Illegal immigration: the myths and the facts
By JOE R. DAVENPORT 10/14/2006 Buffalo News
Myth: We are a nation of immigrants.
Fact: This myth is false on its face. Nearly 88 percent of the people living in the United States today are not immigrants; they were born here. This is a nation of natives, not a nation of immigrants. "But," the liberal propagandists reply, "we all have ancestors who came from other countries." And, one might reply, so does just about every other nation on Earth.
Are not the French merely descendents of the immigrant barbarian Franks, who drove out the Roman-era Celtic Gauls? And the English are simply immigrant Angles and Saxons who virtually wiped out the Celtic Britons in the fifth century A.D.
They too are nations of immigrants under this liberal myth, as is practically every other nation on Earth. The myth descends to meaninglessness upon any serious analysis. Yet whenever this myth is uttered, we are expected to nod our heads in agreement that a deep and salient point has been made.
Myth: Illegal immigrants are taking only jobs that Americans do not want.
Fact: Many illegal immigrants are able to work for less than market value because they don't pay income or Social Security taxes and are able to take their entire paycheck (or cash) home. This is not only unfair competition against employers who follow the law and pay employees "above the table," but it depresses the wage scale for Americans who would otherwise select jobs currently filled by illegal immigrants.
These are jobs that Americans "do not want" only because the illegal immigrants have depressed the wage scale for the positions. Take away the illegal immigrants, and wages would rise to the level where Americans would take the jobs.
Myth: Illegal immigrants have a right to come here. It is our Christian duty to provide hospitality.
Fact: Nearly two-thirds of the 32.5 million foreign-born people living in the United States entered this country legally, and the United States has more legal immigrants than any other country in the world.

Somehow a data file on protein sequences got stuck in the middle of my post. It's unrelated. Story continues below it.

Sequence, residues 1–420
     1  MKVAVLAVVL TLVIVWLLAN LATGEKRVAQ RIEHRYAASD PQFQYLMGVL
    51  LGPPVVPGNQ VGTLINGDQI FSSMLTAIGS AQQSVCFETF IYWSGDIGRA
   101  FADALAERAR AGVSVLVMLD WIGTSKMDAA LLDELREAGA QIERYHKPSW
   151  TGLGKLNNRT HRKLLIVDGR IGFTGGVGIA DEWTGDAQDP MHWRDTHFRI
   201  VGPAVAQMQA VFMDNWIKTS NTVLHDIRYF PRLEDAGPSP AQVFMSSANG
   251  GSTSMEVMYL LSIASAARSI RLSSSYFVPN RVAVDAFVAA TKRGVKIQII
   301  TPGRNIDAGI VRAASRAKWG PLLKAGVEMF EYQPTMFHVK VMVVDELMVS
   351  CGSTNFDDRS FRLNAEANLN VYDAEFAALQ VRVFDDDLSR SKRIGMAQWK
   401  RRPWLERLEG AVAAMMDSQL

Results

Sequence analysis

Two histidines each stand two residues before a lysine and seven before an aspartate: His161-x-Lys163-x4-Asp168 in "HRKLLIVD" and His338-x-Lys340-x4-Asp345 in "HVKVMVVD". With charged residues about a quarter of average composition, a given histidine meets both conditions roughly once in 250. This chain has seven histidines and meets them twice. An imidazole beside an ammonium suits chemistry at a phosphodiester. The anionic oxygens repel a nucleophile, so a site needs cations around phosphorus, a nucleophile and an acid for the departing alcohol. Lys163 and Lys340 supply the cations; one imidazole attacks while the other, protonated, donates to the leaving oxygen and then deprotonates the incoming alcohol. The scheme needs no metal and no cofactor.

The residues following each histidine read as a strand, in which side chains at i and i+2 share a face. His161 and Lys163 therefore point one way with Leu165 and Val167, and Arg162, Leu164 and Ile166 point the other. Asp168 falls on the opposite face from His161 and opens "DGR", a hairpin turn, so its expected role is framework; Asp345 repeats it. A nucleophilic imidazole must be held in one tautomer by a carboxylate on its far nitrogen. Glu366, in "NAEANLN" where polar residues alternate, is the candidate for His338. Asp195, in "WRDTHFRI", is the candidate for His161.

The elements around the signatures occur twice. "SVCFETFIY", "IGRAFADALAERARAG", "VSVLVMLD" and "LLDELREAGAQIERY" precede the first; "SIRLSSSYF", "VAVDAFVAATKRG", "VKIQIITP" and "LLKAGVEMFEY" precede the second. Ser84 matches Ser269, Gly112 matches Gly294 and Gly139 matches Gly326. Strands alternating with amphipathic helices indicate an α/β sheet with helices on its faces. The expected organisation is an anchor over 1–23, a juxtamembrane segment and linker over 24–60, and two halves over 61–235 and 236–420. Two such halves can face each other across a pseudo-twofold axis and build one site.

That's hardly poor hospitality, and no bill before Congress that has a chance of becoming law would change this nation's hospitality. But it is poor hospitality to say to the nearly 22 million legal immigrants who waited in line that they wasted their time following the rules because illegal immigrants will now get the same status.
The need to deport illegal aliens and secure our borders has nothing to do with persecuting minorities or lack of hospitality. The United States can continue to allow a number of immigrants into this country legally, depending upon how many can be reasonably assimilated without destroying our American identity. Rather, securing our borders is necessary as a matter of principle - in the interests of equal justice under law - as well as practical security in this age of international terrorism.
Joe R. Davenport recently moved to Niagara Falls from Del Rio, Texas, on the Mexican border.
In 1999, the US homicide rate, over all, was 5.7 per 100,000. This is a high rate compared with most countries in Western Europe: Italy (2.25), Belgium and England/Wales (1.41), and Ireland (.62), but America seems safe when compared with Mexico, which despite very strict gun laws, has a homicide rate of 17.58—-over three times the US rate.
It is difficult to make comparative generalizations, but according to the Overseas Security Advisory Council (a “federal advisory committee” whose mission is to advise Americans on security issues in foreign countries): “In the categories of murder, rape and robbery, Mexico’s Distrito Federal (Mexico City and the surrounding region) posts 3 to 4 times the incidence of these crimes than does New York City, greater Los Angeles or Washington, D.C.
What this means when Mexicans enter the US can be measured by the fact that in 2003, while about 27% of prisoners in federal prisons were aliens, 67% of that figure were Mexican—or 18% of the total. When other Latin Americans were added in, the percentage reaches 23%
JOBS AMERICAN CITIZENS WON'T DO? According the the Pew Hispanic center, and data from 2005 census reports, the largest percentage of those jobs are done by US CITIZENS.
About 7.2 million unauthorized migrants were employed in March 2005, accounting for about 4.9% of the civilian labor force. They made up a large share of all workers in a few more detailed occupational categories, including 24% of all workers employed in farming occupations, 17% in cleaning, 14% in construction and 12% in food preparation.